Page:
Turkeys are 'bird of courage'

By Emma Shelly
Nov. 23, 2017 at 10:30 p.m.
Updated Nov. 24, 2017 at 1 a.m.

Wild turkey

Wild turkey   Contributed photo by Michael Gray for The Victoria Advocate

"For my own part, I wish the bald eagle had not been chosen the representative of our country. He is a bird of bad moral character ... The turkey in comparison is a much more respectable bird, and withal a true original native of America ... He is besides, though a little vain and silly, a bird of courage, and would not hesitate to attack a Grenadier of the British Guards who should presume to invade his farm yard with a red coat on."

- Benjamin Franklin, 1784

It's silly how much I adore this quote and how much I love sharing it. Maybe that's because all my friends are raptor aficionados. Even the nonbirders will get excited when they see bald eagles, posting blurry cellphone pictures of an eagle silhouette online.

Benjamin Franklin obviously didn't share their enthusiasm, referring to the eagle as a bird of "bad moral character," referencing how it would sit and watch from its perch while fish eagles hunted in rivers and streams nearby. When the fish eagle would make a catch, then and only then would the bald eagle take to the air, pursuing and bullying the smaller bird until it dropped its prey.

Franklin called bald eagles "lazy," and while we know they can do their own fishing, it's also fair to call them scavengers.

In fact, they scavenge a lot of the time. They make frequent forays to garbage dumps, navigating their way through piles of trash, and will frequently congregate on the trucks and backyards of hunters (especially in places like Alaska), looking for leftover scraps. It might look like laziness, but that foraging strategy pays off and as we also know, why fix what isn't broken?

Still, it's easy to see how Franklin could make the comparison between the eagle waiting to steal and the bold wild turkeys of North America, whose attitude he seemed well acquainted with.

Wild turkeys are a whole different bird than the domesticated ones we raise. Although they are ground birds, they do fly and roost in trees. They can't stay in the air for long distances but can ramp up to 55 mph over short distances. It's startling (to say the least) when one of these things drop-flaps its way down from a tree right next to you.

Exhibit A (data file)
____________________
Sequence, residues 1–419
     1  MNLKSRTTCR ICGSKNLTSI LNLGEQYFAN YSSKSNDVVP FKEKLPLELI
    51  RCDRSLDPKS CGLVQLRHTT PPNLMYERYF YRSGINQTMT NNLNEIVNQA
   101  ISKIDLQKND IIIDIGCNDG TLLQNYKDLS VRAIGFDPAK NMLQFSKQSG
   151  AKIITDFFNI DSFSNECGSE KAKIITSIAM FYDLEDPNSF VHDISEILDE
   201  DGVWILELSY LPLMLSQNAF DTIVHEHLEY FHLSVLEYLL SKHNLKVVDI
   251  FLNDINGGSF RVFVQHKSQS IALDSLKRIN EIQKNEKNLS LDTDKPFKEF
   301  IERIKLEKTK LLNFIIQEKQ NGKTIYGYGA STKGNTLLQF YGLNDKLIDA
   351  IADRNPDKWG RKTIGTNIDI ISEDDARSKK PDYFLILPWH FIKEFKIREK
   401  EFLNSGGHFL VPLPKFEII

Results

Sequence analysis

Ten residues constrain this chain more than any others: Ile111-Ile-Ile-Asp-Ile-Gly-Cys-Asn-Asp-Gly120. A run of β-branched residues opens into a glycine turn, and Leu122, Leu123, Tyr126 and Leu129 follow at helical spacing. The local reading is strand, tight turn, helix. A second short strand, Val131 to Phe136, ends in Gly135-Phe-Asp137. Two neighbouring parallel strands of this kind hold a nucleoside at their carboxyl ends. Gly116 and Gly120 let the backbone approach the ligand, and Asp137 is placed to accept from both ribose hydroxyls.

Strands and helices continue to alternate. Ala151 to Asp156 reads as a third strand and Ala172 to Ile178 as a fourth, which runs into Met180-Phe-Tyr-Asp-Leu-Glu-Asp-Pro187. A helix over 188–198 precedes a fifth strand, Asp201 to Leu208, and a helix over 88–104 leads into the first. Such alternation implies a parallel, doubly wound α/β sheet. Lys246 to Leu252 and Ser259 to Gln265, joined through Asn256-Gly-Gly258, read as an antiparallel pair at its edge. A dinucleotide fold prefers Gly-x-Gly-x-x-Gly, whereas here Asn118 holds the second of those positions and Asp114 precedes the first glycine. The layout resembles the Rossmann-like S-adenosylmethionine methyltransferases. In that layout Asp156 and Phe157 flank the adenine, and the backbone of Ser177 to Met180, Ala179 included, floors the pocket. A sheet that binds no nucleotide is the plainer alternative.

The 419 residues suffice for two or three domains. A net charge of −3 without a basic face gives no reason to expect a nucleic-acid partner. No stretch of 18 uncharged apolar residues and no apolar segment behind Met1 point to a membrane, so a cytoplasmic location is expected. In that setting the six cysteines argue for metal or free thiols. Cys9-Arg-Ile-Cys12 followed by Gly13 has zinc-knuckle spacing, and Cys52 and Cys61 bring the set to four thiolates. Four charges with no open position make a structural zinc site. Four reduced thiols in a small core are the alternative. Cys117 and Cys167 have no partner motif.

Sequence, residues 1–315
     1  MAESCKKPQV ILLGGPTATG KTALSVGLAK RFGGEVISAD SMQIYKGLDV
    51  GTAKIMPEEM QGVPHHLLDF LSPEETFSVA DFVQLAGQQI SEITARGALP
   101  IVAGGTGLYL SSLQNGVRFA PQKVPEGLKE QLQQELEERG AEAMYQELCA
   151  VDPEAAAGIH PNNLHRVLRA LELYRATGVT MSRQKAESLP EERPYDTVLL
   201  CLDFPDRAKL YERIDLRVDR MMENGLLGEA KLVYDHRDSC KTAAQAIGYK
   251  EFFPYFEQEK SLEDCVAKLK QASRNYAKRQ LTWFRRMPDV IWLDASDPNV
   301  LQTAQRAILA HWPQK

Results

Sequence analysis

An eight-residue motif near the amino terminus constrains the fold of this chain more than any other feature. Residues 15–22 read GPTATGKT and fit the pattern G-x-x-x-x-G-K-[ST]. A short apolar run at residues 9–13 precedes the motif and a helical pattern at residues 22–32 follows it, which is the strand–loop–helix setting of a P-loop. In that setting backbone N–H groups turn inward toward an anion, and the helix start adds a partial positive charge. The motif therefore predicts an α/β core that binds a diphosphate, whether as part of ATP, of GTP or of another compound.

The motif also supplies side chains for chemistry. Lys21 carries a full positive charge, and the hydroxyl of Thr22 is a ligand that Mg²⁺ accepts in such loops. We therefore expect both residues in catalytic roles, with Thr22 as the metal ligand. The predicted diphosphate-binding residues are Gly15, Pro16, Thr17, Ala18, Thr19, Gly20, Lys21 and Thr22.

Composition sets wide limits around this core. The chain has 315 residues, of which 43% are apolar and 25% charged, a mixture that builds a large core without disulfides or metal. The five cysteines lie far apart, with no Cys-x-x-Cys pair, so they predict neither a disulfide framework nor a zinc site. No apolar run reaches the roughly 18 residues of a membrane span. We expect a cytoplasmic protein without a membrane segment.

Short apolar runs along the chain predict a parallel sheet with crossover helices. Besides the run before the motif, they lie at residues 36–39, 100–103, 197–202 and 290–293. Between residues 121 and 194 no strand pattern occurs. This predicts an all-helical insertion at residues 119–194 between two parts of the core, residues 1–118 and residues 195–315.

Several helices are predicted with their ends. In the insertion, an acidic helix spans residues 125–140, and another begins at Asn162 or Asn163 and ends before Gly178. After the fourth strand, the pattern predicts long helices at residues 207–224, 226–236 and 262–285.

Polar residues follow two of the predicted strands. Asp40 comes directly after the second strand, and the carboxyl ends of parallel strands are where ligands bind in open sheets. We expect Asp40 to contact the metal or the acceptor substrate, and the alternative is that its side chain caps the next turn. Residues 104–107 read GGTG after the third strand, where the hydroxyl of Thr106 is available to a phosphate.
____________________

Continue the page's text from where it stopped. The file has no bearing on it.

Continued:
Domesticated turkeys have been selectively bred to have larger breasts and shorter legs, meaning they can't fly at all, and they run more slowly than their wild counterparts.

Franklin called wild turkeys courageous, and it's fun to wonder if he noticed that the bare skin of their heads changes color based on their moods. A relaxed tom, or male turkey, has a head that is whitish/light blue with tinges of red.

When he feels agitated, threatened or excited, blood rushes under his skin and his bare head flushes a dark red. The same thing happens to a turkey's snood.

Besides being my new favorite word, the snood is the flesh wattle-like protuberance above the turkey's beak that might also hang down over the bill. Turkeys can contract and expand the snood based on how they're feeling, with a long, dangling snood indicating they're at ease.

Hunters take a lot of their cues from looking at the head and snood of a bird they're targeting and are skilled at predicting how a turkey might path based on the colors of its bare skin.

When Franklin was busy nominating the turkey for the national bird they were extremely common. Before Europeans arrived, it was estimated there were almost 10 million wild turkeys roaming North America.

They were so plentiful it seemed like there would always be an endless supply of the tasty birds to hunt, and no one regulated the take. It was always turkey season, and there were no bag limits.

Unsurprisingly, by the time the 19th century rolled around, turkey populations had nosedived. The extreme hunting, combined with an increased loss of habitat as more and more forest was cleared, meant the turkey population was reduced to just 2 percent of its original numbers.

The only thing that stopped a complete extinction was the Great Depression, which forced people back into cities in search of work. The abandoned farmlands slowly reverted back into forest, and the turkeys, hanging on by a toehold, were given some breathing room.

Since then, a capture-and-release program, where wild turkeys were caught and taken to areas that didn't have any, has been responsible for repopulating North America with this feisty bird.

Now, there are around 7 million wild turkeys in North America and many, many more domesticated ones. In fact, it's reported that 46 million domesticated turkeys are eaten each Thanksgiving,

And although we don't have any wild turkeys in Brazoria County, think for a moment about how crazy it is that the bird you're enjoying (with yummy stuffing and cranberry sauce), almost went extinct not all that long ago.

Emma Shelly is the Education and Outreach Manager of the Gulf Coast Bird Observatory. The GCBO is a nonprofit organization dedicated to saving the birds and their habitats along the entire Gulf Coast and beyond into their Central and South America wintering grounds.



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